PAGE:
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Krishnarao Khanderao Parelkar Vs. Virji Peraj - Court Judgment

LegalCrystal Citation
SubjectTenancy
CourtMumbai
Decided On
Case NumberCivil Revisional Application No. 379 of 1926
Judge
Reported in(1927)29BOMLR895
AppellantKrishnarao Khanderao Parelkar
RespondentVirji Peraj
Excerpt:
bombay rent (war restrictions no. 2) act (bom. vii of 1918), sections 17(1)(a), 16 rent-standard rent.;the word 'rent' in section 17(1)(a) and in section 16 of the bombay rent (war restrictions no. 2) act 1918, does not necessarily mean standard rent. - - 2. the question there discussed seems to me to be one of fact, on which the lower court has come to a finding against the petitioner, and i am not satisfied by the arguments of the learned pleader for the petitioner that any question of law really arises. this point was not raised at the hearing before us, but it seems to me one that clearly governs the petition......alia, pleaded that the court had no jurisdiction to entertain the suit on the ground that the standard rent of the premises occupied by the applicant was less than rs. 30, and that accordingly a certificate from the controller of rents had to be filed under section 17 of the bombay rent (no. 2) act 1918. this contention was, however, rejected by the chief judge. he says:-the facts are that defendants came to occupy these premises in dispute, in may 1915, and are still residing there, but the premises they occupy are not the identical ones occupied by the tenant in february and march 1915, but different i.e., they use the whole of the second floor, consisting of the roofed and walled terrace, and other parts, which the tenant did not. those combined premises were let for the first.....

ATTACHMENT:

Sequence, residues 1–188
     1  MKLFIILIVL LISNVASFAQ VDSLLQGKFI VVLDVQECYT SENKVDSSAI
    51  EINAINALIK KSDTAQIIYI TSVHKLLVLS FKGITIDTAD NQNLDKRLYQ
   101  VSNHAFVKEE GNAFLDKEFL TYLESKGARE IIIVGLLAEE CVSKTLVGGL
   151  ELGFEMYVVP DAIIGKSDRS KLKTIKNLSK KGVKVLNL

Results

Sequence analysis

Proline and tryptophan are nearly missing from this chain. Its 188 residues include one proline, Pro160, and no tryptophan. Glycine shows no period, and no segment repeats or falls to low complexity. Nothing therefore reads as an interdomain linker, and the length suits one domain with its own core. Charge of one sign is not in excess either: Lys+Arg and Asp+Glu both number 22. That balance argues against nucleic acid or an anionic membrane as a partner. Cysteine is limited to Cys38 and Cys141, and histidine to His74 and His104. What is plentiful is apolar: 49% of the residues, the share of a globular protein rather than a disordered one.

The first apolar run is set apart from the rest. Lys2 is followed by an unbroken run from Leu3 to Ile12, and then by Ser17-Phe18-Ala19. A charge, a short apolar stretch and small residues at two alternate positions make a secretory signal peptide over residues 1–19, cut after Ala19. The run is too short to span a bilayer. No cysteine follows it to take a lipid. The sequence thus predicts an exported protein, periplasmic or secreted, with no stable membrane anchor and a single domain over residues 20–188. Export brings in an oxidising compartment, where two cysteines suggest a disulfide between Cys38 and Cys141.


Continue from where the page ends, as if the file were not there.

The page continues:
Judgment:

Fawcett, J.

1. This is an application for revision of the judgment and decree of the Chief Judge of the Court of Small Causes, Bombay, directing the applicant to vacate certain premises and pay the costs of the suit. In that suit the plaintiffs were the mortgagees in possession and had terminated the tenancy of the applicant by a notice to quit. The applicant in his defence, inter alia, pleaded that the Court had no jurisdiction to entertain the suit on the ground that the standard rent of the premises occupied by the applicant was less than Rs. 30, and that accordingly a certificate from the Controller of Rents had to be filed under Section 17 of the Bombay Rent (No. 2) Act 1918. This contention was, however, rejected by the Chief Judge. He says:-

The facts are that defendants came to occupy these premises in dispute, in May 1915, and are still residing there, but the premises they occupy are not the identical ones occupied by the tenant in February and March 1915, but different i.e., they use the whole of the second floor, consisting of the roofed and walled terrace, and other parts, which the tenant did not. Those combined premises were let for the first time when defendants agreed with the plaintiffs to pay them rent of Rs. 150 in October 1925. The objection therefore fails and defendants will have to vacate.